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Opening doors to science

Free curriculums bring new opportunities to schools

Kelloggsville, Kentwood – Eighth-graders were on a collision course to learn about contact forces.

At three separate stations in science teacher Brittney Blaskis’ Kelloggsville Middle School classroom, students rammed miniature cars together to see what happened. The cars were affixed with stoppers, clay, even golf balls. Did the cars move backward? Was there damage?

Some cars barely moved. Some bounced back quickly. Some flew off the table. Students recorded the results in their notes. 

The small-scale demolition derby was part of a science unit in the OpenSciEd curriculum, focused on “Why do things sometimes get damaged when they hit each other?” Through experimentation, students are learning the factors at play when an object collides with another.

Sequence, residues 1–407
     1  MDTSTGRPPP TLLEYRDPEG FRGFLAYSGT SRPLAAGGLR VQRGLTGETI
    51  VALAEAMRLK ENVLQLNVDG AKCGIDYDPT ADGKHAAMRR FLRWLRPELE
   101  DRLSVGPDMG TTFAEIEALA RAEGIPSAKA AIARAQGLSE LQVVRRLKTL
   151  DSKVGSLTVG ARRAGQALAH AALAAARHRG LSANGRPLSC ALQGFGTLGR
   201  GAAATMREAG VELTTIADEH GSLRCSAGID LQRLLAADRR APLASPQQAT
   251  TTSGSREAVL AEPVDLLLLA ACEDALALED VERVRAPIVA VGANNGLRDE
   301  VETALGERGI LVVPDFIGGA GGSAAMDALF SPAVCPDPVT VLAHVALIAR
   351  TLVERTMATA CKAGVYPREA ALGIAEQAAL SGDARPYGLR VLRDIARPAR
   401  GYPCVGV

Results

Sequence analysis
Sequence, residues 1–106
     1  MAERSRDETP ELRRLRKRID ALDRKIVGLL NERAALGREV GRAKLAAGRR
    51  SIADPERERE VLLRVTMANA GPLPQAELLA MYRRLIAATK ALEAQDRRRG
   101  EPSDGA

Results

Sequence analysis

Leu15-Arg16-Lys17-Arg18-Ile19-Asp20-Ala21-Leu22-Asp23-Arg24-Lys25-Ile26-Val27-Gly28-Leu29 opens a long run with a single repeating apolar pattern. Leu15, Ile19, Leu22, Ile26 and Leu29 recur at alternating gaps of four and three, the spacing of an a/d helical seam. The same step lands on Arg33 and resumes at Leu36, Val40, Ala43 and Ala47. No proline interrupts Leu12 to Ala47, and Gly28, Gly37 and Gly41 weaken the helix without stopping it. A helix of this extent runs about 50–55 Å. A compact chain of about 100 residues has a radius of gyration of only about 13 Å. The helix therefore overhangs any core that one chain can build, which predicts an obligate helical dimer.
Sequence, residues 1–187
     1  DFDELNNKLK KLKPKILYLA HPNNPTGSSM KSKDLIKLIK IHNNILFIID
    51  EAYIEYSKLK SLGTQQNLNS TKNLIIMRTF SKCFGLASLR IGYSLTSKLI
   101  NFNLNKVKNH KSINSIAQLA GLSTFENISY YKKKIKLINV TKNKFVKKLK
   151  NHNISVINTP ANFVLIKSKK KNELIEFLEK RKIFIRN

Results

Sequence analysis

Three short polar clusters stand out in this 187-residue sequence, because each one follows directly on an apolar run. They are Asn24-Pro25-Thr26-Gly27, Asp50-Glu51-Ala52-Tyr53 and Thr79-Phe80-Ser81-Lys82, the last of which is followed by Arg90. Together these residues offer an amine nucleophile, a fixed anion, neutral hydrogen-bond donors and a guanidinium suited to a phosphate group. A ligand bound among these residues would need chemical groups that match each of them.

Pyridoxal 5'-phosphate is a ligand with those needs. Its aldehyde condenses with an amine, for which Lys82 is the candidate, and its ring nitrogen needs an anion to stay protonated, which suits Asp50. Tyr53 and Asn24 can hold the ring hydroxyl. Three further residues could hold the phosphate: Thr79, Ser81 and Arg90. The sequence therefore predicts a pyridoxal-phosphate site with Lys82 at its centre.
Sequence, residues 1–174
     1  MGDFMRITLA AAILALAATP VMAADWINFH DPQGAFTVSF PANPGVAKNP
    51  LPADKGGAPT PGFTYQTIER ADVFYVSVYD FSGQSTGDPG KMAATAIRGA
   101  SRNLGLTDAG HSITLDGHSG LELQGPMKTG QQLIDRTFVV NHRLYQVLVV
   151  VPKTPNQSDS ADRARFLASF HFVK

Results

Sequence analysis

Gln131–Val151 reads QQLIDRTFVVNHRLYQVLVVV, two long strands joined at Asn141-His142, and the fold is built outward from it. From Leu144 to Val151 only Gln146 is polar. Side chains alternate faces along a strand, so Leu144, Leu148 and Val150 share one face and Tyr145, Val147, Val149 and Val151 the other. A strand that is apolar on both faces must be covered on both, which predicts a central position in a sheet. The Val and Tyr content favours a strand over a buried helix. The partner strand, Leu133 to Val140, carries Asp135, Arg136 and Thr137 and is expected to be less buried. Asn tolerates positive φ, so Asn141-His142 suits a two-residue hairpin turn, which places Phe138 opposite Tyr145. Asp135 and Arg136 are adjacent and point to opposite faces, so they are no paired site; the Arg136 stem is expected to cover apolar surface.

Watching the cars crash under different circumstances helped eighth-grader Jackie Hernandez make observations. “The project helps us see the damage in person, so it helps us understand it better,” she said.

OpenSciEd, used by sixth- through eighth-grade Kelloggsville science teachers, is a resource accessible to educators for free. Lessons build on one another and align with new science standards, Blaskis said. In previous years, she didn’t have a curriculum to work with, but pieced labs and worksheets together. This allows more comprehensive, engaging learning.

A key reason: there’s no more memorizing terms and moving on. Students must explore the “why?” and “how?” in science, she said.

“It allows me to understand how they are thinking and what they are grasping a little bit better,” Blaskis said. “With the other style of learning, it was a lot of just rote memorization of the content. Here, it allows me to challenge them to put their knowledge on the paper.”

High Quality, Open-source

OpenSciEd is one of several open-source science resources – meaning schools have access to them at no cost – that teachers have recently gotten their hands on.

The free digital resources are allowing all classrooms access to high-quality instruction that emphasizes get-out-of-your-seat experimentation and encourages students to wonder, ponder, discover and problem-solve. Think about high school students investigating the role genetics plays in Duchenne muscular dystrophy; elementary students learning to forecast the weather; and middle-schoolers creating bath bombs in chemistry class to make for fizzy tubs.